Sunday, September 10, 2006

A Note on Death

A Note on Death

These thoughts have been provoked by reading Alain de Botton’s Status Anxiety.  The section of his book entitled “Solutions” offers Christianity as one of the major solutions to the problem of status anxiety.  In his chapter on Christianity he deals mainly with the subject of death and dying and how we should face it squarely.  

Once again de Botton introduces his subject through literature, this time through that wonderful book by Tolstoy, The Death of Ivan Ilyich (1886).  De Botton tells us that Ivan was a man “overwhelmingly concerned with status.” (p. 227) With only a few weeks to live, Ivan’s mind is very concentrated, which activity, according to Johnston, the thought of impending death is wont to promote.  He realises that he has lived outwardly a sham of a life, lived just to impress others, while inwardly he has lived a rather banal, barren and lonesome existence.  All his former preoccupations, fashionable dinner parties, impressing others “might not have been the real thing.”(Quoted p 228)  These last words in parentheses are the words of Tolstoy.

That is indeed what we human beings long for – “the real thing.” We might term it today as being true to self, being really oneself, being authentic, following one’s dreams, or in the words of Abraham Maslow, “actualizing” one’s real self.  Dr. Maslow coined the term “Self-Actualization” as the pinnacle in the hierarchy of human needs.  Dr. Maslow summed up the concept as:"A musician must make music, an artist must paint, a poet must write if he is to be at peace with himself.  What a man can be, he must be. This is the need we may call self-actualization ... It refers to man's desire for fulfillment, namely to the tendency for him to become actually in what he is potentially: to become everything that one is capable of becoming ..." (Quote taken from )

I remember some years back reading the two excellent books, memoirs, of Fr Joe Dunn who was one of the foremost documentary makers for Irish television, RTE, in the last forty years of the twentieth century.  As to why so many young men in his youth went on for the priesthood, he offered as one major contributing factor, namely the awareness of death and how often tragically short this life is.  That point struck me forcefully as being very true.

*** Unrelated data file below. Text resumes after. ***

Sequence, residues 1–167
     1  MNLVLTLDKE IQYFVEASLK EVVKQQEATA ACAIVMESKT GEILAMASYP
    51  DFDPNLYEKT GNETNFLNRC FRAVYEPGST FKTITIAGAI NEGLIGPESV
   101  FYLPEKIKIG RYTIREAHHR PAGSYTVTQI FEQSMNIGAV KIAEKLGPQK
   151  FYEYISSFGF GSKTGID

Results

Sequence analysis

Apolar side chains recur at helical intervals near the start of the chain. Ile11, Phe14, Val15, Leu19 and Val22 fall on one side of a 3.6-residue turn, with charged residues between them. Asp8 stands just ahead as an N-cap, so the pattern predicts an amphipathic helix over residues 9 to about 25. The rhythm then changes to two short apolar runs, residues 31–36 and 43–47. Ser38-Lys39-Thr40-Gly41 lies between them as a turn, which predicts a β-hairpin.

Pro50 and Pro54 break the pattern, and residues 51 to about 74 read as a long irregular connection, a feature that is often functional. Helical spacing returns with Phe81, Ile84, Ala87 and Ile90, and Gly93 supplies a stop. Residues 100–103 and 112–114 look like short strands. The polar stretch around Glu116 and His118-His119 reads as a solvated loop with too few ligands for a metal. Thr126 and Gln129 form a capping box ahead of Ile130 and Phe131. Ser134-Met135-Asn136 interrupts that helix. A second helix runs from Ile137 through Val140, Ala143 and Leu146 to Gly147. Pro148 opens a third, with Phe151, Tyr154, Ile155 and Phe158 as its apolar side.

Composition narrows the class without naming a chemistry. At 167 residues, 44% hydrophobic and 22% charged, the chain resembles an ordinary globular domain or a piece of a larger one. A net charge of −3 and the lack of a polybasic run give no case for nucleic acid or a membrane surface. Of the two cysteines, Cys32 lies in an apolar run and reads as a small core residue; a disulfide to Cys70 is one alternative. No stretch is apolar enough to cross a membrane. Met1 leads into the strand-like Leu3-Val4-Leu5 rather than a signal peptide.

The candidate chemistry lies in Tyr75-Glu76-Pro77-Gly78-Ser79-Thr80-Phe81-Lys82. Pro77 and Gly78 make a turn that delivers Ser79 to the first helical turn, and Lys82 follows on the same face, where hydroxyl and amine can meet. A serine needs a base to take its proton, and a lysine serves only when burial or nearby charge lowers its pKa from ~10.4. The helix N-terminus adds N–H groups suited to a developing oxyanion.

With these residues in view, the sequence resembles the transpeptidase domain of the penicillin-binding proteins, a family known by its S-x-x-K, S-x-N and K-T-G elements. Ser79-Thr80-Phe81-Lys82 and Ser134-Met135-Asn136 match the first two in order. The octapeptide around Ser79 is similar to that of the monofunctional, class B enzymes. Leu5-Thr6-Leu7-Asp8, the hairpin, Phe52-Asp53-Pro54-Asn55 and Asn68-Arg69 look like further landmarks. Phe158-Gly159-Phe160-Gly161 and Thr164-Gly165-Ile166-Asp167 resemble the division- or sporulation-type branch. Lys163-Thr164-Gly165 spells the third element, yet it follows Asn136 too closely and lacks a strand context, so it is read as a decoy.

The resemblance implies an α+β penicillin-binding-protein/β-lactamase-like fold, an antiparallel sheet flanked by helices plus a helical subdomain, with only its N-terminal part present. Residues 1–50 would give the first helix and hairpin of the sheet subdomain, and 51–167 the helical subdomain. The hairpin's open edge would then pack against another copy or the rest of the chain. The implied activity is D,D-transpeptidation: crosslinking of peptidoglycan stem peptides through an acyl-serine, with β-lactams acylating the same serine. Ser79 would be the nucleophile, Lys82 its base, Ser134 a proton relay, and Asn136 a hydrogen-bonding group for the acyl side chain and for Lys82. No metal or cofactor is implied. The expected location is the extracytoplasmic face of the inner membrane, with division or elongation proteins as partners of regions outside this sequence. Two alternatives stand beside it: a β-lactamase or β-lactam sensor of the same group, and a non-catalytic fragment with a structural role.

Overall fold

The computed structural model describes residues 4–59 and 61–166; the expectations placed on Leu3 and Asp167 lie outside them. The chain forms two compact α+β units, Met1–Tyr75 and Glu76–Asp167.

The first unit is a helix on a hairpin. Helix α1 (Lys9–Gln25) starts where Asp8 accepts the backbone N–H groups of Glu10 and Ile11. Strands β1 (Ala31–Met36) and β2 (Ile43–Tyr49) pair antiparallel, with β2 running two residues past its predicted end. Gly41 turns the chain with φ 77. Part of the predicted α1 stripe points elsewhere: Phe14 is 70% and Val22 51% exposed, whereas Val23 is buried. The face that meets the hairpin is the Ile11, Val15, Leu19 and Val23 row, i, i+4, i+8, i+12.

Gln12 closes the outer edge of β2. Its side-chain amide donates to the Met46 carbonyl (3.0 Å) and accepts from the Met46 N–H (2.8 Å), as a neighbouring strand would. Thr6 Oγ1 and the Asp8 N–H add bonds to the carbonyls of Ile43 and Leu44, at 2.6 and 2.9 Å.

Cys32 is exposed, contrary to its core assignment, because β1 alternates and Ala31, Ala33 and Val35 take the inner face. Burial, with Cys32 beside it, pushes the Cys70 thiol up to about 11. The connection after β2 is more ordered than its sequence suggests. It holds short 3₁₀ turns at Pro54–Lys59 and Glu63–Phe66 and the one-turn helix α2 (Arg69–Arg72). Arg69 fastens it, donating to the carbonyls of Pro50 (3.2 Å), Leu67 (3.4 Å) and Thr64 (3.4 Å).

Today, with the advance in both technology and in medicine, and consequently in our longevity, the thoughts of death are now pushed very much to the fringes of our concerns.  I read recently also in some psychology book that the really modern repression is death, or rather the very thought of it, never mind its reality.  However, my own life experiences and the early studies I pursued prevented me from repressing this fact.  At college I studied theology, philosophy and English literature in my first degree.  The spectre of death loomed large in all three.

I well remember reading Helen Gardner’s carefully and judiciously selected Metaphysical Poets (Penguin, 1978, originally 1952) in the late seventies.  We learned that many of these poets were preoccupied with death and dying, and why wouldn’t they be as very few of them managed to live beyond their early sixties.  I remember reading George Herbert’s poem “Mortification” which treats the old theme of the stages of human life and our eventual death.  Therein we read these words, (note the abrupt beginning which was typical of the metaphysicals): “How soon doth man decay!.../When boys go first to bed,/They step into their voluntarie graves,/Sleep bindes them fast; onely their breath/Makes them not dead:/Successive nights like rolling waves,/Convey them quickly, who are bound for death.”(See Metaphysical Poets, p 132) This preoccupation with things funereal fell under what was at the time called the Ars Moriendi (The Art of Dying).  De Botton refers to a parallel and related activity in the sixteenth century, namely “Vanitas Art.”  This is describes thus: “‘Vanitas Art’, named in tribute to Ecclesiastes [“Vanity of vanities, all is vanity.” Eccles 1:2], was hung in domestic environments, often in studies and bedrooms.  The canvases featured a table or sideboard on which were arranged a contrasting muddle of objects.  There were flowers, coins, a guitar or mandolin, chess games, a laurel wreath and wine bottles: symbols of frivolity and worldly glory.  And among these were placed the two great symbols of death and the brevity of life: a skull and an hourglass.” (p. 235) The express purpose of this was not to depress the owner and his visitors or guests, rather it sought to concentrate the mind on the value and worthwhile-ness of living life to the full.  If life is short, then to be engaged in worthless or valueless activities was a waste of valuable time.  Life is short so we should be loving, kind, forgiving, understanding, open to others etc.
The above picture of the Pope's Cross Phoenix Park, Dublin, is one I took about 4 years ago. The Cross is of course the quintessential Christian symbol signifying life in and through death.

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